Finding out why the parity is so pronounced in the OUA is difficult; it could be by virtue of the fact a total of 12 teams make the postseason, six from each the OUA West and East. Building block-level mathematics will tell you that the more teams you put into the postseason the greater the chances are one of them will make a deep run. A lower seed team in the OUA can play twice as many games as their counterparts from the Canada West for example.
Regardless, the best storyline for the remainder of the year is whether or not the Toronto Varsity Blues can put together a strong run in the postseason and not get into Nationals through the backdoor. Also, of course, whether they can be the first team to win a National Championship at home since 2007 when UBC did it.
Some teams I would watch over the last half of the season would be those Rams from Ryerson, they have quite the record; 2-0-4. Twice as many draws as wins and not a single loss. While that isn’t good enough to get them anywhere near the top of the table that’s not a bad record to carry into the postseason. Only two teams have allowed fewer goals against than Ryerson: Toronto who have allowed three and Carleton who have yet to allow a goal against. No team can win the Blackwood Trophy without winning a few squeakers along the way, and Ryerson seems to have the stingy defense that is required to hold the fort long enough to get a lucky bounce here or there.
While Carleton and Toronto are running away with the East, Western is running away with the West...shocker, right?
The York Lions are in an unfamiliar position being in the middle of the table and having suffered two losses and a draw so far this season. Most agree they have lost some of the overbearing talent they enjoyed the last few seasons, so whether the Lions can wrest their way back to the top remains an interesting storyline for the remainder of the year.
Teams to watch: Laval
We have another team running away with their conference. Nobody has been able to stop reigning CIS champions Laval this year, who have scored 11 times as many goals as they have allowed...there’s your quirky stat of the day.
Outside of the Rouge et or however the next four teams are separated by just four points. Intriguingly, the team Laval defeated in the National Championship last year, McGill, is at the bottom of that list with only six points this year.
As for strength of schedule, McGill and UQAM have a more difficult stretch run than UQTR and Montreal. Both Trois-Rivieres and the Carabins play doormats Sherbrooke and Concordia three times in the final seven games, whereas McGill and UQAM only play them twice.
Regardless, I think the best storyline for the remainder of the year isn’t even the battle for playoff positioning that will surely be electrifying right to the finish, but whether Laval, having finally built a championship side, can continue its success much the same way their “other” football team has. Let’s be honest, the complexion of CIS football was dramatically altered when Laval began winning, will the same happen to CIS soccer?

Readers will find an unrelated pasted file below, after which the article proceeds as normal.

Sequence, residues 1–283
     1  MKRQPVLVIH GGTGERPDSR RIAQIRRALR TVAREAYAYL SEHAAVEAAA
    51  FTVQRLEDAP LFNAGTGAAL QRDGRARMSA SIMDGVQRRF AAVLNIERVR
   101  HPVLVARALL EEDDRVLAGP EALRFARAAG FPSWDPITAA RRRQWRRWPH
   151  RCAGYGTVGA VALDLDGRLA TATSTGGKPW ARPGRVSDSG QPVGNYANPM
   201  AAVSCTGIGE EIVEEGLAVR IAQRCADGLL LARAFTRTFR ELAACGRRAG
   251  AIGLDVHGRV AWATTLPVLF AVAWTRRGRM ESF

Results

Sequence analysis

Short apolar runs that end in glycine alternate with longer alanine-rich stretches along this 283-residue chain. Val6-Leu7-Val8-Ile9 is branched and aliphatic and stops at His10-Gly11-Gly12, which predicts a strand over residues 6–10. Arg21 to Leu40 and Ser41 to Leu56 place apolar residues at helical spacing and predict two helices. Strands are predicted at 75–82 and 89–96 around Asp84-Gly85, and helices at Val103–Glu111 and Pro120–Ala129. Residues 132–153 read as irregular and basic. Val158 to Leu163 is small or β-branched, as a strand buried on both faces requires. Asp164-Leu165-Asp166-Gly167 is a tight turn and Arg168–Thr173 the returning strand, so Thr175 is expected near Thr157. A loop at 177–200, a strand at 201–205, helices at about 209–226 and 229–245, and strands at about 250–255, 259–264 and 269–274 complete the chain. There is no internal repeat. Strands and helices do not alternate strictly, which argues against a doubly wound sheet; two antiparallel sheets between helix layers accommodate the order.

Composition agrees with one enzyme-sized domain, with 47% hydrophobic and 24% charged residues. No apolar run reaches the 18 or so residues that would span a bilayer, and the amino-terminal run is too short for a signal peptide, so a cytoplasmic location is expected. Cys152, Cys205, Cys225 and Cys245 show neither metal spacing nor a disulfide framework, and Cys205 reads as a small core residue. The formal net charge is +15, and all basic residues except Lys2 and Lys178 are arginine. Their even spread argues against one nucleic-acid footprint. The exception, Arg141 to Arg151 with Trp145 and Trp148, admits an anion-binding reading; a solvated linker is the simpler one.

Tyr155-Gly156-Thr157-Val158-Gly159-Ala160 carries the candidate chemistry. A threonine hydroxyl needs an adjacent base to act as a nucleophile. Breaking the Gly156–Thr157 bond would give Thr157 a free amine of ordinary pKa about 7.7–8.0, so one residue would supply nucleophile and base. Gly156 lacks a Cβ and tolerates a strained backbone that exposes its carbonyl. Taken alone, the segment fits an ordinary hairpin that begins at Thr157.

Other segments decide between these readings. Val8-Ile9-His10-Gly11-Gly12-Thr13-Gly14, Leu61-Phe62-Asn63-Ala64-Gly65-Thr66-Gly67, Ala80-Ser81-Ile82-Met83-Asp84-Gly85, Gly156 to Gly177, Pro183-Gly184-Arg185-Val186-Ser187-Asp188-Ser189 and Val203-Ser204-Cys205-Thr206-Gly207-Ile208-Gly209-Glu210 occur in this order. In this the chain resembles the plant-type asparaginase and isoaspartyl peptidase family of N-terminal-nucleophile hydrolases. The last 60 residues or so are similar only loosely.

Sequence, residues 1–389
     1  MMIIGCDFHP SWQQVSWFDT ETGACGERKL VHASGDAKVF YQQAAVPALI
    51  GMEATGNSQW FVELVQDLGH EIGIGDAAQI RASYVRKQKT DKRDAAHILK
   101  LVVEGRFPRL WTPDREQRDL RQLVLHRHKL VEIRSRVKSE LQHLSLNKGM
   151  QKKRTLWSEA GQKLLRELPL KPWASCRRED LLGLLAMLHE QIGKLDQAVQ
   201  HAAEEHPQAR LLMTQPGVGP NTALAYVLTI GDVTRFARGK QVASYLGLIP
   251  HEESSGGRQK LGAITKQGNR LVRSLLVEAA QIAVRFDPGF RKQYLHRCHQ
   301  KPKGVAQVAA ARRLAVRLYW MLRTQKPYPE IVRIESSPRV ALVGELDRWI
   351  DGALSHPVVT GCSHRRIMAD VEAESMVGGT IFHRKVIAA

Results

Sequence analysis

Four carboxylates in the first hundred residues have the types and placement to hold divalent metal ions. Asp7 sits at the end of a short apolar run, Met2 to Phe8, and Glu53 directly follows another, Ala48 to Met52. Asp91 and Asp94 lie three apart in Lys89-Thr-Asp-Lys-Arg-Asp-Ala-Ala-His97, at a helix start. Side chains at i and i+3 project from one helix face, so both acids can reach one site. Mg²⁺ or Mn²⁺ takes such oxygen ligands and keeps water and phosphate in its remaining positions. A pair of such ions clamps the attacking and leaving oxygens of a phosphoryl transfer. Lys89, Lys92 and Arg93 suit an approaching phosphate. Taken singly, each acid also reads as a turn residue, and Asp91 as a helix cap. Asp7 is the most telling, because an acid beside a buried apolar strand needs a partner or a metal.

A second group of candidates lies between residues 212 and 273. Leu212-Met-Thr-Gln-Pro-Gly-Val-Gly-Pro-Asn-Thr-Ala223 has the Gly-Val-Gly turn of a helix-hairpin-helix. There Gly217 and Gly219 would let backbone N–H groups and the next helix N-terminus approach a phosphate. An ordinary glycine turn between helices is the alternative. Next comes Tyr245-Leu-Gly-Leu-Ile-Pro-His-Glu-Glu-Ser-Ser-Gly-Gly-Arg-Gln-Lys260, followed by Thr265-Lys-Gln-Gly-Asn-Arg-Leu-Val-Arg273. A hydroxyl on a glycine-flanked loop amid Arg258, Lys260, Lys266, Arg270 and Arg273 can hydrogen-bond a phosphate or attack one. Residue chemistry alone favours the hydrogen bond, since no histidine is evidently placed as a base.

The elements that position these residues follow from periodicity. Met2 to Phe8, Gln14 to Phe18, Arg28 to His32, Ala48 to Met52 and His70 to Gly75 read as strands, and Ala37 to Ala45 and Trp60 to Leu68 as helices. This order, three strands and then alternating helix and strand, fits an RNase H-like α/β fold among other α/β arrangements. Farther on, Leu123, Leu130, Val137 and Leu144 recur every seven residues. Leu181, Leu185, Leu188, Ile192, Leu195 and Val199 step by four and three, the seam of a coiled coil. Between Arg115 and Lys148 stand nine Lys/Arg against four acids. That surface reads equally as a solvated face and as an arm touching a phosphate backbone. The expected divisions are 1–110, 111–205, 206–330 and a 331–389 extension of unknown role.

Look for Laval to cruise to Toronto this fall, practically unopposed; who gets that second berth however is anyone’s guess. I can promise you this though: it will ABSOLUTELY be a team from Quebec. You can take that to the bank.
Teams to watch: Memorial
Finally, the AUS is also a mess much like the OUA, but unlike the OUA it’s because of scheduling. Some Maritime teams have only played four games this year to Saint Mary’s seven. As such this is the most difficult conference to handicap at this time of year.
St. FX looks like it will run away with the conference title and seemingly only Saint Mary’s right now can put up a decent challenge. This past Sunday’s game between the two is a perfect example. The 3-2 win over the Huskies vaulted the X-men to the top of the table and was a see-saw affair as most games are between the best teams.
I really don’t expect anyone outside of St. FX or Saint Mary’s to compete for the, inexplicably, one and only AUS birth to Nationals. However, if one team could get into the final outside of those two, I think Memorial has acquitted itself very well this year.
The Sea-Hawks are a very, very young team; only Defender Andre Le could be considered a senior as he is the only fifth-year player on the team and there aren’t even any fourth-years. They returned all but one player from last year, a rare occurrence in any varsity sport.
Improving on a one-win campaign in 2009, the Sea-Hawks have only one blemish on their 2010 record, a one-goal loss to leader St. FX.
They are young, offensive, and have proven that even early on in the year they could hang with the big boys. Imagine what they will be by the end of the year when those young guys have even more experience under their belts.
There are undoubtedly some good storylines going into the last half of the regular season in CIS soccer, as there always is, but the truly great thing about this season?
The storylines that we won't have even seen coming, the teams we can't even imagine winning, and the games we won't even believe are happening even when they will be happening before our very eyes.